While it will never completely disappear, physical media is largely going to disappear for the masses. In reality, it already has. In the U.S., for the first six months of 2017 (RIAA hasn't released the full-year numbers yet), physical media was only 16.3% of the U.S. market (in dollars). Even downloads have become small - it was only 19.6%. Streaming takes 64.1% of industry dollars (and when the full year numbers are released, I suspect physical will be even lower and streaming higher).
There's plenty of hype around LP's, but only 17.2 million were sold in 2016 and only 7.2 million were sold in the first half of 2017 according to the RIAA and 14.32 million for the full year, according to Nielsen.
At its peak, 942.5 million CD's were sold in the U.S. In 2016, just 99.4 million were sold (RIAA). In the first half of 2017, just 35.2 million were sold according to the RIAA and 87.97 for the full year according to Nielsen.
So you take those numbers and throw in a percentage of consumers who buy online instead of physical retail and there's not much left for physical retailers. In retail, success is judged by annual sales per square foot and if something else can generate more revenue in the same space, that's what physical retail will do. In addition, music used to be a way to increase what retailers call "dwell time" - the amount of time someone spends in a store. The more time one spends, the more money they're likely to spend. Families would go shopping and the kids would go browse the records and it would increase overall sales. That doesn't happen anymore because the kids are streaming everything.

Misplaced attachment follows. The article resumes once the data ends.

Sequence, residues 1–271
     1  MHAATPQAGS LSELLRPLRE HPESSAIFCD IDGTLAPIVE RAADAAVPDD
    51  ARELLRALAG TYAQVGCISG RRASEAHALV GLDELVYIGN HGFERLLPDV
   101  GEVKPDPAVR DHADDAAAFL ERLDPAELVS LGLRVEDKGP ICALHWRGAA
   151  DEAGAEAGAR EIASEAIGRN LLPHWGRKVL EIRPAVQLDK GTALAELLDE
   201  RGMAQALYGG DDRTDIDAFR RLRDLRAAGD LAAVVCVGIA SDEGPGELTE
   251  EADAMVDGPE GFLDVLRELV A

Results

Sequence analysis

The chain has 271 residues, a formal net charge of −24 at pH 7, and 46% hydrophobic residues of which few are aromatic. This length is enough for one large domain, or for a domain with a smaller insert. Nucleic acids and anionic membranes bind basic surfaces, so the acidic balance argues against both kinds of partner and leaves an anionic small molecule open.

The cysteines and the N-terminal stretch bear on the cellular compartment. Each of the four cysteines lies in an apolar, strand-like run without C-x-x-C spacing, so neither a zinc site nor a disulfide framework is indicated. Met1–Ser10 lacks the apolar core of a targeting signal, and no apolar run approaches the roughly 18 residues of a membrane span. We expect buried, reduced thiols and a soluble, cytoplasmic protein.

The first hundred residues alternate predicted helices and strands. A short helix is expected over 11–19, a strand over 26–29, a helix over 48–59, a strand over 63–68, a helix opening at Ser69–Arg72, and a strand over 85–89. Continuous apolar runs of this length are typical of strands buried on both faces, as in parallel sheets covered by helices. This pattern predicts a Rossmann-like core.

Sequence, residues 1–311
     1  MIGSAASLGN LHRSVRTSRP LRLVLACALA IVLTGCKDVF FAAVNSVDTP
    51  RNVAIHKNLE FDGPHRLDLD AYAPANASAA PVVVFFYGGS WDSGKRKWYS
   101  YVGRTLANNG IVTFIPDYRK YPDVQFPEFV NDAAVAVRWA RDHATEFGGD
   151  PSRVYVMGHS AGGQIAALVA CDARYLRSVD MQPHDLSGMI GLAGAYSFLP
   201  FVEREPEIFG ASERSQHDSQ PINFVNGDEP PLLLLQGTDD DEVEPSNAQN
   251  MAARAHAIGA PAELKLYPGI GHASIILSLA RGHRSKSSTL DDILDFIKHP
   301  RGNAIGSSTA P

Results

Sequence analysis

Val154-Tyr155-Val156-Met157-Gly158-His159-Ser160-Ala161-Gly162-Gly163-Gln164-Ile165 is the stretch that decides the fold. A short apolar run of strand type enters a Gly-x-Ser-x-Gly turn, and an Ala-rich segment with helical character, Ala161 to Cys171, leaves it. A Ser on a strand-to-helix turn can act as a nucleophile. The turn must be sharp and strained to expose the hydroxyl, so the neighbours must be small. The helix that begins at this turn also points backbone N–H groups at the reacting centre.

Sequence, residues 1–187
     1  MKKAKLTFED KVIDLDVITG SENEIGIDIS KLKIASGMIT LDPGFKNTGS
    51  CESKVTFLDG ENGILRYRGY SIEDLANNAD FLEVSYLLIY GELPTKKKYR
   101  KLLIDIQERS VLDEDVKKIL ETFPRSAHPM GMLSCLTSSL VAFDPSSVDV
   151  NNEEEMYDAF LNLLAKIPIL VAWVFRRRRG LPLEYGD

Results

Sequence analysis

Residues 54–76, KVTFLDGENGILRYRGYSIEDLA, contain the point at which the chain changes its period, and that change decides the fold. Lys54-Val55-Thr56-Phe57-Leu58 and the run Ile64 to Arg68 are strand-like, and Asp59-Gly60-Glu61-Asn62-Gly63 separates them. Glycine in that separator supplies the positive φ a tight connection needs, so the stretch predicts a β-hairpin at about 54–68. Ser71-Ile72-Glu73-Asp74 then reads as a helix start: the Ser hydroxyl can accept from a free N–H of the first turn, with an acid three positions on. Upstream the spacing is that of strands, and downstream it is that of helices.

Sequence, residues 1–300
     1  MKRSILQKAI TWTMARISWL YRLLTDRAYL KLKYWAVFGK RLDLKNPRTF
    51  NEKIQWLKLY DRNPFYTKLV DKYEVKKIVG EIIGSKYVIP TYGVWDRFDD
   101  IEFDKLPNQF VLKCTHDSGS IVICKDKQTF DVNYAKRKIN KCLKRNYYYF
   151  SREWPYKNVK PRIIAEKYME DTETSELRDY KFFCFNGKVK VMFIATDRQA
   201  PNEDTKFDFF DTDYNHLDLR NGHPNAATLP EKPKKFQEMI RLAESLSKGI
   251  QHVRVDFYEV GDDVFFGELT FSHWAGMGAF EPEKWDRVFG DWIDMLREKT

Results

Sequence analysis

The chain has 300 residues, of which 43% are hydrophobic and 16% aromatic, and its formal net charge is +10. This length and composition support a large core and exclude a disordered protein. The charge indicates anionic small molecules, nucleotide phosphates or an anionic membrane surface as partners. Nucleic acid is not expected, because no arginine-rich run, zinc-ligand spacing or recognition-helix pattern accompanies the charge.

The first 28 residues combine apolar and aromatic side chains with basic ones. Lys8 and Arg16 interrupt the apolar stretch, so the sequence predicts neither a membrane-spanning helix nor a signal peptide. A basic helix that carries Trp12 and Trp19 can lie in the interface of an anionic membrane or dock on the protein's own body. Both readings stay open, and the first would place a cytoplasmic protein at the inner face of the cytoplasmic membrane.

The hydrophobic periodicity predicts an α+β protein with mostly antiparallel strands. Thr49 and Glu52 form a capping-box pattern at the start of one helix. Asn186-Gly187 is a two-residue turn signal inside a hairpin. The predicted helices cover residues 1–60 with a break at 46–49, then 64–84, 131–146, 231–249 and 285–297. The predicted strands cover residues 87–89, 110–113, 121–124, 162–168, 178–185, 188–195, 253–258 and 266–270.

Target has announced that they might stop selling CDs as well unless the record companies will let them pay for the merchandise only after a sale is made, essentially buying product on consignment. The labels are unlikely to go for that.
The other thing that's happening is that these big box stores are reconfiguring and newer stores are much smaller. A "mini-Target" opened near me (replacing a Barnes & Noble) and they don't sell media at all.
And yes, physical is in major decline for home video as well. In 2009, DVD + Blu was an almost $11 billion business in the U.S. In 2017, it was $4.7 billion (including UHD). They'll be fewer releases, fewer restorations, fewer deluxe packages, etc., as time goes on. It's becoming a niche hobbyist market. It doesn't mean it disappears completely. It means primarily only the biggest, newest hits will be released, because it's a hit driven market anyway, especially Blu. In 2016, the top 100 titles took 70% of industry dollars and 57% of industry units. It means a retailer need stock only 200 titles to fulfill the needs of the vast majority of consumers.
If you're a physical media collector, my advice is that if there's that LP, CD or Blu you always wanted (especially boxed sets and special editions) but never bothered to buy, buy it now. Very few titles are going to get re-pressed. Of course the used market will be around forever, but the good stuff is always very expensive.